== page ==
By Steven Schultz Advice on writing is plentiful — whether for writing short stories or scientific articles: But the writer could have stated the point directly and simply — the products will be formulated and stored as their master records require.
Would the FDA really be fooled? A more reliable and consistent approach would be to base the directive on experiments that identify the time required for this method to eliminate possible variances in results, and state it in unambiguous language: Talk to your doctor before using any over-the-counter drugs.
To detect any obvious high and low filled vials.
What other types of items could etc. Using simple, objective language avoids misunderstanding—the deadline is 4 p. The threat of lab jargon — assuming stock phrases and language are as universally understood as, say, the symbol for benzene — is also no less intense. And close proximity itself is redundant.
Why take a chance? Here are some examples: After a writer ignores too many of the road signs seen here, readers can become annoyed.
I remember seeing in point font a caption to a photo with the attribution: Often, typos are in large type, such as in titles and subheads. To steer clear of the most troublesome, here are some warning signs for writers to heed before setting fingertips to keyboard. Such variances waste resources, time and money through additional testingdelay the release of product or, in stability testing, delay reporting the results to the FDA.
What do you look for? Standard Warning Label For external use only Use only on your skin It is very important that you take or use this exactly as directed. Enjoy our FREE content!
Whose close of business and end of day are we talking about? What, for example, do practicable, if necessary, if applicable mean?
Rigorous editing and rewriting will increase the chances. Do not leave out important information. Writing is work, and no simple formula is going to produce the quality product desired every time.
Using jargon may make the writer feel good. Non-specific language When introducing a unit on language in writing seminars, I often start with an excerpt from a pharmaceutical standard operating procedure I once edited: The concept you are trying to describe is complicated; it needs to be explained clearly.
When writing is central to the job of assuring health, safety, and quality, can you afford to be loose with language prone to misunderstanding? Ask the chemist or microbiologist to explain the purpose of inspecting the vials and the best time to make the inspection to assure the intended outcome.
So give yourself a hard time — and ask others who review your work to do the same. Obtain medical advice before taking non-prescription drugs.
Please find the defibrillator. Can you translate this statement: For my own peace of mind I would like to have a teleconference next week to deep-dive on our SOW to ensure we have the specificity needed for project success and our mutual comfort. Also, if you do not want certain people contacted, please tell me why they should not be contacted.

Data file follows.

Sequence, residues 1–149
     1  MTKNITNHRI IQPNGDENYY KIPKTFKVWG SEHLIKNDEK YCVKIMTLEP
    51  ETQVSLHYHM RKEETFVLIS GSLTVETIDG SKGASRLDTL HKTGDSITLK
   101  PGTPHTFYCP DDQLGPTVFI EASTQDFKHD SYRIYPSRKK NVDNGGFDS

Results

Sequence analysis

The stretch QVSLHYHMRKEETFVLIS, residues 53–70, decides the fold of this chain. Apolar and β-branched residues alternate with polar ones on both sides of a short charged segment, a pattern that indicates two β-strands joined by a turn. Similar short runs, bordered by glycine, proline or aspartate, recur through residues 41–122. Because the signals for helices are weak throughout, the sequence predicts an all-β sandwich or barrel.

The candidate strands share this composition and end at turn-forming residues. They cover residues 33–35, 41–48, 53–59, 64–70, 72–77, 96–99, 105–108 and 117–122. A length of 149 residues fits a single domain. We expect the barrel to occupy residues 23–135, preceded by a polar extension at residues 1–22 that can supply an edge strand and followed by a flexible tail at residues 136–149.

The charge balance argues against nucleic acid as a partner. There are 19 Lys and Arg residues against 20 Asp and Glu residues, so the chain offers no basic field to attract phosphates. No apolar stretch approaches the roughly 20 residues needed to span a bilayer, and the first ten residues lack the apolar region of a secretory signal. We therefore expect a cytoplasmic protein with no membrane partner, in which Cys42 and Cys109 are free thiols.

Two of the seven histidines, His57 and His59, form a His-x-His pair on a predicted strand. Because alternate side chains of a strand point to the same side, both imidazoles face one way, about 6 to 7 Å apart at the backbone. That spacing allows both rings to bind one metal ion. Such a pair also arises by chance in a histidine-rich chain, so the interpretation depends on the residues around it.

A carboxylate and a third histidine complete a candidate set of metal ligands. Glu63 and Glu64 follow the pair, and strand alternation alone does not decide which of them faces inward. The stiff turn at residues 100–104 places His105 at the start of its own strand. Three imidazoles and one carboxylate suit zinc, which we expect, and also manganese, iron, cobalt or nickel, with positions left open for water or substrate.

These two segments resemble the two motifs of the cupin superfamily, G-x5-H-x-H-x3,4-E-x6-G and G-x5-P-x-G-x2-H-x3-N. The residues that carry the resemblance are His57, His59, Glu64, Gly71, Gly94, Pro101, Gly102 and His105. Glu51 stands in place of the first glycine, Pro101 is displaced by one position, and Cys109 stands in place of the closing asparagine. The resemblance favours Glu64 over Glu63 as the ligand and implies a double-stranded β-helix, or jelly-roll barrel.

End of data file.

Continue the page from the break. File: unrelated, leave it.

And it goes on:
Like getting stuck in quicksand, the more the writer tried to climb out of this explanation, the heavier the text became and soon suffocated the meaning. As an editor and writer, he has helped companies improve their client correspondence, project documentation, proposals, and marketing materials.
Steven Schultz is President of Writing at Work email: Why take the chance? Using simple, objective language closes loopholes. How will the reader know?
When editing for clarity, ask yourself, is this specific enough, will this produce consistent results, could two people interpret it in more than one way? Nonetheless, jargon makes the job of reading more complicated, abstract, and longer than necessary.Steven Schultz, Ph.D., started Writing at Work in to provide writing and editing services, along with training in writing, communications, and leadership.
Writing at Work's seminars and workshops focus on improving the writing skills of those who, regardless of profession, need to write for their killarney10mile.com: President at Writing at Work, Inc.
Steven Schultz, Ph.D., is the president of Writing at Work, the company he started in to provide business and technical writing services to corporations, professional organizations, and government agencies.
President at Writing at Work, Inc. Writing at Work, Inc., is a silver sponsor of PSMJ’s summit this December 3 – 4 in San Francisco for leading firms in the A/E/C industry—architecture, engineering, and construction.
Technical Writing at Work Steven Schultz Writing at Work, Inc. Short Course # Length: 1 Day Course Date: 03/07/ – Tuesday Fee: $ ($ after 2/18/17) More Course Info Be sure to check out Steve’s other Short Course: Writing for Excellent Customer Service and Support (course #91) Target Audience Well read more →.
About the Author: Steven P. Schultz, Ph.D., the president of Writing at Work, Inc., provides writing and editing services along with training seminars to engineering and architectural firms across the U.S. As an editor and writer, he has helped companies improve their client correspondence, project documentation, proposals, and marketing.
Caution—Writers at Work! 5 Writing Hazards Ahead –Steve Schultz Of the many writing resources available to the architecture, engineering, and construction industry, the onstruction Specifications Institute’s Manual of Practice offers four C’s for effective communication: CLEAR.Download